|3D Bathymetry before (left) and after (right) the eruption. Click on image for full-size.|
International Collaboration Yields Insights on Enigmatic Submarine Eruption: An article just published in Oceanography by PMEL’s Dr. Robert Embley and collaborators, describes the site of an enigmatic 2010 submarine eruption of a shallow (<200 m) seamount in the Mariana arc. Comparison of pre- (2002) and post- (2013) eruption bathymetric surveys reveals a new 400m diameter crater at the eruption site. This new map was used to target dives with a JAMSTEC remotely operated vehicle in June 2013. This new information will help to better evaluate the hazard potential of submarine eruptions. The paper can be downloaded at the Oceanography website.
The 2010 expedition to NW Rota-1 seamount discovered that the active submarine volcano had experienced a major landslide since it was last visited in 2009. The event gave researchers an unprecedented view of how arc volcanoes grow by the cyclic process of eruption, collapse, and regrowth, how the volcano’s magmatic and hydrothermal systems responded to such a large perturbation, and how the resident chemosynthetic biological community was impacted.
The 2009 expedition to NW Rota-1 seamount with ROV Jason discovered that the volcano had grown a new cone over the eruptive vent since 2006. The eruptive vent is now at the top of a large cone that a new bathymetric survey shows is as high as a 10 story building and as wide as a city block. The ecosystem has was thriving and the population of animals and microbes had increased dramatically relative to 2006, becoming more diverse, including new species that have not been found anywhere else. ROV dives made observations of the eruptive activity, collected geologic, chemical and biological samples, and deployed instruments.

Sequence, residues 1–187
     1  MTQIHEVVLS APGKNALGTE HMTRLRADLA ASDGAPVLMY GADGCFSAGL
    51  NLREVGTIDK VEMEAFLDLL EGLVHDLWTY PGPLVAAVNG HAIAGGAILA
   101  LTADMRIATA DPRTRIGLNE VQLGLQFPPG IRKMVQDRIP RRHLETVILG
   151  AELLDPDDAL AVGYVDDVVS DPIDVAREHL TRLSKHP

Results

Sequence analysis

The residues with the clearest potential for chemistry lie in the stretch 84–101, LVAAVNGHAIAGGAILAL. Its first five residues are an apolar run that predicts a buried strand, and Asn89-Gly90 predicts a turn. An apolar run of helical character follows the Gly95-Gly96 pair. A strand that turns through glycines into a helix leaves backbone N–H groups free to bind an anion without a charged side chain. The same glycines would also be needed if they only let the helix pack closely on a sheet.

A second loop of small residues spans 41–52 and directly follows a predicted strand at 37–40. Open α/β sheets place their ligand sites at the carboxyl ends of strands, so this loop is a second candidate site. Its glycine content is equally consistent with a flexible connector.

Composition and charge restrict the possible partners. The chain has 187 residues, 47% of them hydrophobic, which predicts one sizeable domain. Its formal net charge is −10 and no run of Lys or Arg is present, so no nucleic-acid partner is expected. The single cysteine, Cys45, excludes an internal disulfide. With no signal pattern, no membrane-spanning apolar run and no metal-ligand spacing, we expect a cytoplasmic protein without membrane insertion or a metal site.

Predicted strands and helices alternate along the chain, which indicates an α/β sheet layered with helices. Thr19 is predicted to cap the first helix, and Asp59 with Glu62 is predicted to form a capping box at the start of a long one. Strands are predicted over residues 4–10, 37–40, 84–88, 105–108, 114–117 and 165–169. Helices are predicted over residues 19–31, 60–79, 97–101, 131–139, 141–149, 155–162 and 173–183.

The 2006 expedition built on the results from 2003 and 2004 and explored additional hydrothermally active submarine volcanoes with a remotely operated vehicle (ROV). The on-going eruption of NW Rota-1 volcano was observed to be even more active than previous expeditions. New ecosystems were discovered and characterized and extraordinary sites from 2004 were revisited, providing new insights into their remarkable environments. The results from the 2003-2006 expeditions partly inspired the creation of the Mariana Trench Marine National Monument in 2009.
The 2004 expedition used a remotely operated vehicle (ROV) to explore some of the hydrothermally active submarine volcanoes mapped on the 2003 expedition. Discovery highlights include the first observations of an erupting submarine volcano, new ecosystems with new species, venting of liquid CO2, and pools of molten sulfur on the seafloor.
In 2003, the EOI Program conducted the first systematic survey 60 submarine volcanoes in the Mariana Arc. This expedition included multibeam and sidescan sonar mapping of the seafloor and a search for indications of hydrothermal venting in the water column above each volcano. It was found that about 30% of the Marianas submarine volcanoes were hydrothermally active.
* Funded in part by NOAA's Ocean Exploration and Research Program
** Funded in part by the National Science Foundation